eric perramond on tracey heatherington’s wild sardinia

10May11

Tracey Heatherington. Wild Sardinia: Indigeneity and the Global Dreamtimes of Environmentalism. Culture, Place, and Nature Series. Seattle: University of Washington Press, 2010. Illustrations, glossary. 328 pp. $65.00 (cloth), ISBN 978-0-295-98998-3; $30.00 (paper), ISBN 978-0-295-98999-0.

Reviewed by Eric P. Perramond (Colorado College)
Published on H-HistGeog (May, 2011)
Commissioned by Robert M. Wilson

[T]here is useful material in the first half of this book even if you are not a specialist of Sardinia or the Mediterranean in general. This is not, then, just another anthropological “case study” of a place most of us will never visit. The volume speaks to wider issues that are of concern globally (conservation) and to regional issues (park establishment) as well. The comparative material drawn from African, Australian, Canadian, Latin American, and western U.S. contexts is well used by the author in her arguments. The material is useful for readers, and for the author, since she is arguing that environmentalism is a peculiar kind of global project that reflects culturally rooted views on nature and, yes, “wilderness” (p. 60).

[…]

While the ethnographic material found in Wild Sardinia is exemplary, there is a rather taxing and repetitive use of the subtitle (“global dreamtimes of environmentalism”) that becomes a tiring mantra. While this rhetorical wordplay is meant to echo (Australian) Aboriginal notions of space and time in a meaningful and playful way, to refer to how environmental groups spin indigenous identity to their own organizational needs and biases, the repetition of the phrase does little to drive the otherwise important arguments made by Heatherington. This does not diminish the importance of the author’s work. Critically circling around the concept of “indigeneity,” she is able to display the inherent local tensions of claiming both “indigenous” status and the local recognition that shepherding is a continuing practice. Pitching these as a combination of (Old) American West motifs, the “Indian and the cowboy,” and drawing on local vignettes that use exactly this language, Heatherington carefully portrays this paradox as stuck in a double bind. Are Sardinians usefully deploying a language of authenticity, of local indigeneity, that serves their purposes? Or are they falling into the very image crafted for them by conservation groups that depict livestock graziers as despoilers of the environment?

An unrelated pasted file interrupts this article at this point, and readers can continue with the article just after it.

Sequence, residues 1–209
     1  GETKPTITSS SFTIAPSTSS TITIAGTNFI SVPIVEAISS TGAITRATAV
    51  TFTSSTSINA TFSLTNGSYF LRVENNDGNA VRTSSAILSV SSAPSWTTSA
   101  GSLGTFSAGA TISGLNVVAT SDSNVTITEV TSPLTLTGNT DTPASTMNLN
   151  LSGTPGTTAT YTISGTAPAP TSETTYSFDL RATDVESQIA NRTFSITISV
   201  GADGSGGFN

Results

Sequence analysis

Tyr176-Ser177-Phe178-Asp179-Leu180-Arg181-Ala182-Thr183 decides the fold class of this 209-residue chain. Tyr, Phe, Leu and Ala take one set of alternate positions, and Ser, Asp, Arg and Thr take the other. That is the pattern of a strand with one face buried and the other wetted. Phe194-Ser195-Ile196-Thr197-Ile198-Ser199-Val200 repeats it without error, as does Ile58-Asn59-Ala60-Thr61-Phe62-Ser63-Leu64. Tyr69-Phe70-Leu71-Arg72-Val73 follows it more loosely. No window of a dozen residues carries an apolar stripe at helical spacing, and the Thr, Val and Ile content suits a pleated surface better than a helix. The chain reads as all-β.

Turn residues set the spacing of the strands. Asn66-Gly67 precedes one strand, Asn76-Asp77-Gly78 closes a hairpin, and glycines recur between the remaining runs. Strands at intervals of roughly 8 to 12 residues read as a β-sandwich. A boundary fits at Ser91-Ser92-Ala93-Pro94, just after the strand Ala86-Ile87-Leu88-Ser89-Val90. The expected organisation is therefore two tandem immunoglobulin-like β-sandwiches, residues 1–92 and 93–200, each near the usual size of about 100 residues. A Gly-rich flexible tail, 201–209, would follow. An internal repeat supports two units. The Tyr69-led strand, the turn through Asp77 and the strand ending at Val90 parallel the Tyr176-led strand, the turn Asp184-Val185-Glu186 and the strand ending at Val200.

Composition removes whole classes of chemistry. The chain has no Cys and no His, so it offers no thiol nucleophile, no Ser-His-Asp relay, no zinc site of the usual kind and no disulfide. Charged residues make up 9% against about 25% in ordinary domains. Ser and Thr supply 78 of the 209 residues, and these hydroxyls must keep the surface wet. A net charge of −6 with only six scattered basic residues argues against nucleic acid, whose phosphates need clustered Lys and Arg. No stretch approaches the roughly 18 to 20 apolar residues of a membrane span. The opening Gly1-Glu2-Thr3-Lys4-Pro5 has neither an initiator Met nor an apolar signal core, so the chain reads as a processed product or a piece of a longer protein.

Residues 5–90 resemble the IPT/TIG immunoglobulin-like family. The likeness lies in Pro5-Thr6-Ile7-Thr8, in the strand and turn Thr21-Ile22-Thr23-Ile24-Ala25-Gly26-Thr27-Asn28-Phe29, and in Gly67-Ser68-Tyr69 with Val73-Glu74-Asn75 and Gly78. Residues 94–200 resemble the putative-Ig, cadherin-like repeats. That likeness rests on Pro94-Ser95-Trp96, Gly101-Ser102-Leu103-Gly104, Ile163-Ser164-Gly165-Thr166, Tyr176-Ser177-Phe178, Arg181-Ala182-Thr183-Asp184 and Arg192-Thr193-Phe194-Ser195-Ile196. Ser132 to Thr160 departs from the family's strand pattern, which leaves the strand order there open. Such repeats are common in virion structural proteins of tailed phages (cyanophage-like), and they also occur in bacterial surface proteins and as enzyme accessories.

more about the book from the publishers:

Shared concern for nature can be a way of transcending national, ethnic, religious, and cultural boundaries, yet conservation efforts often pit the interests of historically rooted or indigenous peoples against the state and international environmental organizations, eroding local autonomy while “saving” rural land for animals and tourists. Wild Sardinia’s examination of the cultural politics around nature conservation and the traditional Commons on an Italian island illustrates the complexities of environmental stewardship. Long known as the home of fiercely independent shepherds (often typecast as rustics, bandits, or eco-vandals), as well as wild mouflon sheep, magnificent eagles, and rare old oak forests, the town of Orgosolo has for several decades received notoriety through local opposition to Gennargentu National Park.

Interweaving rich ethnographic description of highland central Sardinia with analysis grounded in political ecology and reflexive cultural critique, Wild Sardinia illuminates the ambivalent and open-ended meanings of many Sardinians’ acts and memories of “resistance” to environmental projects. This groundbreaking case study of the tension between living cultural landscapes and the emerging ecological imaginaries envisioned through policy discourses and new media – the “global dreamtimes of environmentalism” – has relevance far beyond its Mediterranean locale.



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